Donald Argee Barksdale was an American professional basketball player. He was the first African American to be named NCAA All-American and the first on the United States men’s Olympic basketball team. Barksdale was also the first to play in a National Basketball Association All-Star Game.
Born in Oakland, California to Argee Barksdale, a Pullman porter, and Desoree Barksdale. Barksdale attended nearby Berkeley High School, where the basketball coach cut him from the team for three straight years because he wanted no more than one black player.
While unable to play on the basketball team in high school, he honed his playing skills in parks. Barksdale later played for two years at Marin Junior College. Before earning a scholarship to UCLA. A center for the Bruins, he became the first African American to be named consensus All-American in 1947. Barksdale was a member of Alpha Phi Alpha fraternity.
In 1948, he was the first African-American on the U.S. Olympic basketball team. He joined the team in Basketball at the 1948 Summer Olympics and became the first African-American to win an Olympic gold medal in basketball.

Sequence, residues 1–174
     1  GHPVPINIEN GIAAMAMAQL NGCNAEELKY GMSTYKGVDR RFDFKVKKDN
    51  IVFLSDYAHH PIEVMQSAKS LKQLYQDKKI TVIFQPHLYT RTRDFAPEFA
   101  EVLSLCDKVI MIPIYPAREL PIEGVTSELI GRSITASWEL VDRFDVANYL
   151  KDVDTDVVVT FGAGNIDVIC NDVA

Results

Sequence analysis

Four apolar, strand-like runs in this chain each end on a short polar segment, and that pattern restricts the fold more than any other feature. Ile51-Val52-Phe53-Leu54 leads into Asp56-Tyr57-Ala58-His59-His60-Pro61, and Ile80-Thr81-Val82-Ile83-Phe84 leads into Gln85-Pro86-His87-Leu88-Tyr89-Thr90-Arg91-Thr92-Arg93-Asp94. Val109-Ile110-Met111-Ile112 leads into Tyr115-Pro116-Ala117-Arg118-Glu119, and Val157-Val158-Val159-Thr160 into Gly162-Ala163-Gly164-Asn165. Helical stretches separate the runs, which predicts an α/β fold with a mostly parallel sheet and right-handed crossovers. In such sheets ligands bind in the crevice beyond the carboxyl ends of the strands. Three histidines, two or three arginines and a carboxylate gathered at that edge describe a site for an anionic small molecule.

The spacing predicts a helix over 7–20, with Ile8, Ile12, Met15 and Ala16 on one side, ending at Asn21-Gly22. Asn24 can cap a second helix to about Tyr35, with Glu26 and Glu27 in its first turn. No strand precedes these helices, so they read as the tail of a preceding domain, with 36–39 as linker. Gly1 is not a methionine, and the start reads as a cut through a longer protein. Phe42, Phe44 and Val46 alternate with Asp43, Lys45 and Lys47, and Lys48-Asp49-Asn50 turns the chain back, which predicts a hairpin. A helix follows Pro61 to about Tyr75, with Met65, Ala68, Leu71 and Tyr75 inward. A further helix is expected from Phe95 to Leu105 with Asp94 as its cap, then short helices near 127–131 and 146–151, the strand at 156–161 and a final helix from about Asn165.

Barksdale played for the Oakland AAU team until the NBA began to integrate. While playing professional basketball, he started a career in radio broadcasting. In 1948, he became the first black radio disc jockey in the San Francisco Bay area. In 1951, he signed a lucrative contract with the Baltimore Bullets and entered the NBA as a 28-year-old rookie. He would be one of the first African-Americans to play in the NBA after Nathaniel Clifton, Chuck Cooper, Earl Lloyd and Hank DeZonie had joined the league in 1950. While with the Bullets, he became the first African-American to appear in an NBA All-Star Game, in 1953. Barksdale died on March 8, 1993.